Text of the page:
Neurotech International has announced breakthrough results from a clinical trial of its proprietary NTI164 cannabis strain in paediatric Autism Spectrum Disorder (ASD).
The company reported 93% of participants had notable improvements relating to the severity of illness with no serious side effects after 28 days of daily treatment with the strain, which it licenses exclusively from Dolce Cann Global.
Two patients exhibited vast improvement – meaning complete or near remission of all symptoms – while 10 showed decided improvement or partial remission of symptoms.
The Phase I/II trial was conducted at the Monash Children’s Hospital in Melbourne.
Following the positive results, and feedback from parents, the study has been granted approval for the treatment to continue for a further 54 weeks.
Neurotech said the results set the foundation for future studies and pave the way for new treatments for neurological disorders including Attention Deficit Hyperactivity Disorder (ADHD), Multiple Sclerosis, Motor Neurone Disease, Rett Syndrome and Cerebral Palsy.
The next step will be the initiation of Phase II/III of the trial to further assess the long-term safety and efficacy of NTI164, potentially leading to drug registration.
The company is in discussions with the US Food and Drug Administration (FDA) and has initiated pre-Investigational New Drug activities in relation to its US-based operations.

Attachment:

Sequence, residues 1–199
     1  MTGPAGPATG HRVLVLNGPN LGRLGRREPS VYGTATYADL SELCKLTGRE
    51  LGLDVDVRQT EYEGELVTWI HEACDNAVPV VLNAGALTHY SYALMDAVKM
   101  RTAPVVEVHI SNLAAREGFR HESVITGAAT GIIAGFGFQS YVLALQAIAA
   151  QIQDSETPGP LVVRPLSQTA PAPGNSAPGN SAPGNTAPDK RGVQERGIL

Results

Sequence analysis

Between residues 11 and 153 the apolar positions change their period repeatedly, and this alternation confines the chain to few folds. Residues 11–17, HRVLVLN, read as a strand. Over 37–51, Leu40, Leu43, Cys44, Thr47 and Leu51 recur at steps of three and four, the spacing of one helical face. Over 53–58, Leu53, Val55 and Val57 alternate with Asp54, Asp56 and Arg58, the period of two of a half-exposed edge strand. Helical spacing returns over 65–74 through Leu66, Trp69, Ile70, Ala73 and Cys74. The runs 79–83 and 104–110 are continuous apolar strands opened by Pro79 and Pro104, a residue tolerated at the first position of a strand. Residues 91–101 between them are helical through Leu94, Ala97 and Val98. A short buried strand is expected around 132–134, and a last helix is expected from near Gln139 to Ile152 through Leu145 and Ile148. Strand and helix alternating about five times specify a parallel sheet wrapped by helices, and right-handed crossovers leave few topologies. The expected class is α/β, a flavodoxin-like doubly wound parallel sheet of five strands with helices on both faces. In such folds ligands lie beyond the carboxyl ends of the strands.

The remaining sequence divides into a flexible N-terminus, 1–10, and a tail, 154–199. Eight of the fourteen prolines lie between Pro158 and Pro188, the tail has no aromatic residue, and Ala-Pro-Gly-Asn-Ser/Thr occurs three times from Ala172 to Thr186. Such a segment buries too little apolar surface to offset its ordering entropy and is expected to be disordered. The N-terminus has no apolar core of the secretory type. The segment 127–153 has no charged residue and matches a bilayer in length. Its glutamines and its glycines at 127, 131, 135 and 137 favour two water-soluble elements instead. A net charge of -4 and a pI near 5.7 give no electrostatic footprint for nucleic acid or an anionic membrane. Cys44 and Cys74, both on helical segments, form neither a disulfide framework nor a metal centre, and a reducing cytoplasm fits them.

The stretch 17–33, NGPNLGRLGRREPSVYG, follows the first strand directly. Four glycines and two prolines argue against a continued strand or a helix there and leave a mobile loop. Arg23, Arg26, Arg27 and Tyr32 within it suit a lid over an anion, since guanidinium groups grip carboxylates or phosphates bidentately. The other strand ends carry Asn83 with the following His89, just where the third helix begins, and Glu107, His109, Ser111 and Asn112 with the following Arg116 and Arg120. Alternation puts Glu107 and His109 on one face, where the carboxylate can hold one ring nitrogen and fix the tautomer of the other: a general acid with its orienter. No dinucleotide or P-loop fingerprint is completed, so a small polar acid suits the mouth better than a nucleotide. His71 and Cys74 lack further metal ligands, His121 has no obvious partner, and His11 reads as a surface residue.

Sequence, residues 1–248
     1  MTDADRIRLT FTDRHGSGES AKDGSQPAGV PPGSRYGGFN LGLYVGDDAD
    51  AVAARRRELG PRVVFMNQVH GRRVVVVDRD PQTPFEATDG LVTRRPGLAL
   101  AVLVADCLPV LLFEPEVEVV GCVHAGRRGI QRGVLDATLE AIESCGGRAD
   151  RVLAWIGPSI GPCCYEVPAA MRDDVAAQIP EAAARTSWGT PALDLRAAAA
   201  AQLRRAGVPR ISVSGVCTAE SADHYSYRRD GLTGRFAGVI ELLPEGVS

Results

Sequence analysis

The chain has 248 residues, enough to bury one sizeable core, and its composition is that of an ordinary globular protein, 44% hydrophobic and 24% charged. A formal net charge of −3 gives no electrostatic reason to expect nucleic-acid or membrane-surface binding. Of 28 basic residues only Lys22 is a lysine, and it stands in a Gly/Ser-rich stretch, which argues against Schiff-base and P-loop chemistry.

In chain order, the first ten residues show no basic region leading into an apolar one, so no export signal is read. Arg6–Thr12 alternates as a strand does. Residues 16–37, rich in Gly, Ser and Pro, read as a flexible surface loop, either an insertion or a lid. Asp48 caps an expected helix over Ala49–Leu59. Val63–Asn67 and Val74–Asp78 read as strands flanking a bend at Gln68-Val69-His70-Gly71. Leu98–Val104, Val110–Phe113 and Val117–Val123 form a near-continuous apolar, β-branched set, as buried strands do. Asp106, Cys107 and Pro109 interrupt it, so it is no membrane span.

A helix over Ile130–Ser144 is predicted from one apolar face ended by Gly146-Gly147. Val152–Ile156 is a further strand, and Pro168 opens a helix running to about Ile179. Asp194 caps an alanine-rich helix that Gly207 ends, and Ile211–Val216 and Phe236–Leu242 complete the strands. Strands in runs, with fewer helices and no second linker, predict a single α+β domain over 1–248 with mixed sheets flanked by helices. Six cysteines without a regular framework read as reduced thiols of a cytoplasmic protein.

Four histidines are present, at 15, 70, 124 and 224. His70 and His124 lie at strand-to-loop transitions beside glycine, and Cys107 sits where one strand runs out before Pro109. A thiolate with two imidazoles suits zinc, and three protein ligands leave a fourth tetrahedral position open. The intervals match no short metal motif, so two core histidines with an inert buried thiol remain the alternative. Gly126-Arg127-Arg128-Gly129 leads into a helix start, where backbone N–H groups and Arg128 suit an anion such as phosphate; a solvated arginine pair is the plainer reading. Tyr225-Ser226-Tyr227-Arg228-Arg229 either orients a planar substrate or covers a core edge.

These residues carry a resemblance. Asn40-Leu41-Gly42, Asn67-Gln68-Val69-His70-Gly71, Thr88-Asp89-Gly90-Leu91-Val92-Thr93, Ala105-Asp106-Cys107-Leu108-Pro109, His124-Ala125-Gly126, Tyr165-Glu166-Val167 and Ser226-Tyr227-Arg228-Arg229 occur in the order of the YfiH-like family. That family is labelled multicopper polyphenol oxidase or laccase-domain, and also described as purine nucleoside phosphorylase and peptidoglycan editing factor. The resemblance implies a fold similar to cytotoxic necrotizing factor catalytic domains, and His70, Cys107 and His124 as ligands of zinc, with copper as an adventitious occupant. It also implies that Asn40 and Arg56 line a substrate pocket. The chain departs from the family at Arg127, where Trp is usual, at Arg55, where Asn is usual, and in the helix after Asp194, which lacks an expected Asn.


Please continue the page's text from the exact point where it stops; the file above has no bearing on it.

Given the trial showed no serious adverse side effects and high patient compliance, Neurotech said it is “well placed to make significant inroads into the ASD market expected to be worth more than US$5 billion by 2028”.
Chairman Brian Leedman said: “We cannot underestimate the significance of the results from our world-first, landmark trial.
“Neurotech is now a significant step closer in the drug-development timeline to introducing… a treatment option for paediatric ASD which is natural, safe and – based on the results to date – offers substantial behavioural improvements in ASD.”
CEO Dr Alexandra Andrews added: “We are extremely pleased with these breakthrough results. The fact that 93% of participants have shown notable improvements without any serious side effects is an outstanding outcome.
“We are incredibly grateful for the generous participation of patients and their families as well as the team of staff and clinicians at Monash Children’s Hospital who have made this landmark trial possible.
“It is heart-warming to think we may ultimately be in a position to effectively support children with autism and their caregivers by providing a new therapeutic option that may improve their quality of life.”
Chief investigator at Monash Children’s Hospital Professor Michael Fahey said he was very encouraged by the results of the “rigorous study”.
He added: “We are looking forward to the extension of this trial, in addition to the planned initiation of a Phase II/III trial, to further assess the long-term safety and efficacy of NTI164 with the potential to lead to drug registration.”